approximately 4% of the EU’s budget; now the Structural Funds
represent around one third of the EU’s budget and as of 2007,
around 40%.
Probably not all of you are familiar with cohesion policy, but I can
assure you that what we have proposed for the future is a
modern policy. We will be looking at the ways to streamline our
interventions for 2007-2013, in order to maximise synergies and
added value. For the first time we will have a well-defined
framework for action, which is represented by the Strategic
Guidelines for Cohesion. These will represent a key tool for
decision-makers: the Member States, the regions, the cities and
the other stakeholders will not be let alone, but will be helped in
identifying their needs and the best and most efficient means to
address them. One of the priorities is the greater focus on the
attractiveness of regions and cities, in order to stimulate
investment. Crucial elements in this objective will be improved
accessibility of the regions, combined with an adequate quality
and level of services, and the preservation of environmental
potential. We have very explicitly affirmed in these Strategic
Guidelines that environmental investments can contribute to the
competitiveness    of   the   economy     by   ensuring   long-term
sustainability of economic growth, by decreasing external
environmental costs to the economy (e.g. health costs, clean-up
costs or damage recovery) and by stimulating innovation and job
creation. Future cohesion programmes should seek to strengthen
potential synergies between environmental protection and
growth.
Development strategies should be based on a prior evaluation of
needs and specific issues faced by regions, and efforts should be
made to promote the internalisation of external environmental
costs, with the development of market-based instruments.
It goes without saying that the concrete actions which flow from
these broad guidelines will be adapted to the needs of local
citizens and to the economic, social and environmental profile of
each region, and decided by them in a close partnership among
the Commission, the Member States, the regions and the local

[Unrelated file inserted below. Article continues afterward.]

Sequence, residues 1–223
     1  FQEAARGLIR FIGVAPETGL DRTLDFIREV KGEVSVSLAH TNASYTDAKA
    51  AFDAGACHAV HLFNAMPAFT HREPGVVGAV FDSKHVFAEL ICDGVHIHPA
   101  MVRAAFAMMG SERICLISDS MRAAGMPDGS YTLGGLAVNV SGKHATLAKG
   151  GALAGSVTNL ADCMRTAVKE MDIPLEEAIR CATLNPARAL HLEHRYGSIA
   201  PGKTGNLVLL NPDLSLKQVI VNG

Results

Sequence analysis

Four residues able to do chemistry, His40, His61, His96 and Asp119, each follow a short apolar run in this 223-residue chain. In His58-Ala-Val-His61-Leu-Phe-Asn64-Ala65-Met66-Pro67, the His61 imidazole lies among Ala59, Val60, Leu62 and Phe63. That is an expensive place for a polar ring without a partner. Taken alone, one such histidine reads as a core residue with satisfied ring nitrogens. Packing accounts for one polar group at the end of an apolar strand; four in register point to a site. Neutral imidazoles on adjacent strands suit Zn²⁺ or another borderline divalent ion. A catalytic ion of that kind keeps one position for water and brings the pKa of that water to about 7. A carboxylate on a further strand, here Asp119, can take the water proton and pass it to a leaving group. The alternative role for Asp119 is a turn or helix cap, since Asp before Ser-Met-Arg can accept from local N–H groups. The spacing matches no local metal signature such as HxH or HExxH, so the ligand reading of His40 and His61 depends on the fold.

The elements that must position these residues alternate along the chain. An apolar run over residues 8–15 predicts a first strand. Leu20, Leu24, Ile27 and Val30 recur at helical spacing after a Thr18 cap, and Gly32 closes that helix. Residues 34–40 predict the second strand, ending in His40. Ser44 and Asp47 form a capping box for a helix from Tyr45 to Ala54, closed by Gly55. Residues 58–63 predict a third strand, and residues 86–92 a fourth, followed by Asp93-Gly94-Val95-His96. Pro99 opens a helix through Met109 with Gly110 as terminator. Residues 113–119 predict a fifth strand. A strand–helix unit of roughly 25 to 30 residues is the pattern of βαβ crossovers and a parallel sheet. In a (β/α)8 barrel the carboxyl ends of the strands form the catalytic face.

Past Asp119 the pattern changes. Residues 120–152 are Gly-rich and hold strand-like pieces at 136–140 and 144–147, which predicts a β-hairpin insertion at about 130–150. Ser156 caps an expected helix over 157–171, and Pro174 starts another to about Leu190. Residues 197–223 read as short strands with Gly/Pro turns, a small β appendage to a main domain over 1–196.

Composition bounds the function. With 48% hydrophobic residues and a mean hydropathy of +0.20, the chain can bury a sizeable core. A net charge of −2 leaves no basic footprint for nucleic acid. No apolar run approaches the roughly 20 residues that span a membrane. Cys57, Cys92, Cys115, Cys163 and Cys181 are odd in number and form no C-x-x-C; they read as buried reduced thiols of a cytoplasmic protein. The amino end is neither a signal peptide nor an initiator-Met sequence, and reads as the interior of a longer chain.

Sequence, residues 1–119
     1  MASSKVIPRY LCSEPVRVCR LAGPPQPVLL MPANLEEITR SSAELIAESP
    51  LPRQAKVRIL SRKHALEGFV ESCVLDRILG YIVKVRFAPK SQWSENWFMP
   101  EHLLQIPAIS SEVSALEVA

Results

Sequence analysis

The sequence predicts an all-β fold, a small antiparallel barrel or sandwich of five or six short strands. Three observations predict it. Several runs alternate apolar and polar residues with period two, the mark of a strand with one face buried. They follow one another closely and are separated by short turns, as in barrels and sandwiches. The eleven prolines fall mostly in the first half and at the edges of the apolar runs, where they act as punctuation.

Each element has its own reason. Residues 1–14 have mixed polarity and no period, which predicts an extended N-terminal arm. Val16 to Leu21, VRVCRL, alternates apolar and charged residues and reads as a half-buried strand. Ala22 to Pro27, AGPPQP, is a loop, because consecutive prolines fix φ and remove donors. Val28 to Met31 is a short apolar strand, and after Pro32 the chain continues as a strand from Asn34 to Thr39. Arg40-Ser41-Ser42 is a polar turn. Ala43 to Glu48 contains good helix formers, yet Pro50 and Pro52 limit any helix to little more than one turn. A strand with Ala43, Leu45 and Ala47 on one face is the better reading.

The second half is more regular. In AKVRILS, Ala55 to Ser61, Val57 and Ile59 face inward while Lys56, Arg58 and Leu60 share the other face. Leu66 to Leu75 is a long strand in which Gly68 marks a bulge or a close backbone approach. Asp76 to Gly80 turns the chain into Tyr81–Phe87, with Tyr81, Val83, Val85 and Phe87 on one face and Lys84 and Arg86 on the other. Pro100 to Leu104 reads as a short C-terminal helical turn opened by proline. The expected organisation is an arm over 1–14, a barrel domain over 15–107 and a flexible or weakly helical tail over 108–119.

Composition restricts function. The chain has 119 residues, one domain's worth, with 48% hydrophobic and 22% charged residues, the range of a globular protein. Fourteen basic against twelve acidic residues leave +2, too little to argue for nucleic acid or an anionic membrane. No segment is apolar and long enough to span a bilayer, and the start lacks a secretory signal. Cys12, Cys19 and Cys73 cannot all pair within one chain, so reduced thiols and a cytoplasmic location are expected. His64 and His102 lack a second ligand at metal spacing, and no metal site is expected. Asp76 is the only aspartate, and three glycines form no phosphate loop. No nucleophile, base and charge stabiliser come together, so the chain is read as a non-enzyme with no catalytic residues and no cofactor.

authorities.


How to act at local and regional level?

Europe needs, more then ever, the dynamism and initiative of its
regions and cities. Their energy must be channelled in support of
our common aims through dialogue and collaboration, involving
all levels of governance. We will not succeed in revitalising the
European project unless we reach out to every citizen, and in
doing this the regions are our indispensable allies.
The role of local and regional authorities is paramount. Very
recently, the Committee of the Regions conducted a survey to
assess the level of involvement of regions and cities in preparing
National Reform Programmes under the Lisbon Strategy. The
survey found that only 17% of regions and cities were satisfied
with their involvement in the preparation of these programmes.
Of course, in the not too distant past, they were not involved at
all in most Member States, so this represents some progress.
But there is scope for a substantial improvement next year. The
work to boost competitiveness on the global level will only have
an impact if all levels of government work in partnership.

Ladies and gentlemen, only by mobilising all the resources and
by engaging all stakeholders, at national, regional and local
levels, can Europe succeed to promote growth, jobs and
solidarity in a logical and sustainable way. Let me again praise
your initiative to raise awareness on one of the greatest
challenges ahead.

I wish your “Planète climat” initiative a success that would help
us all live in a better world.

Thank you very much for your attention.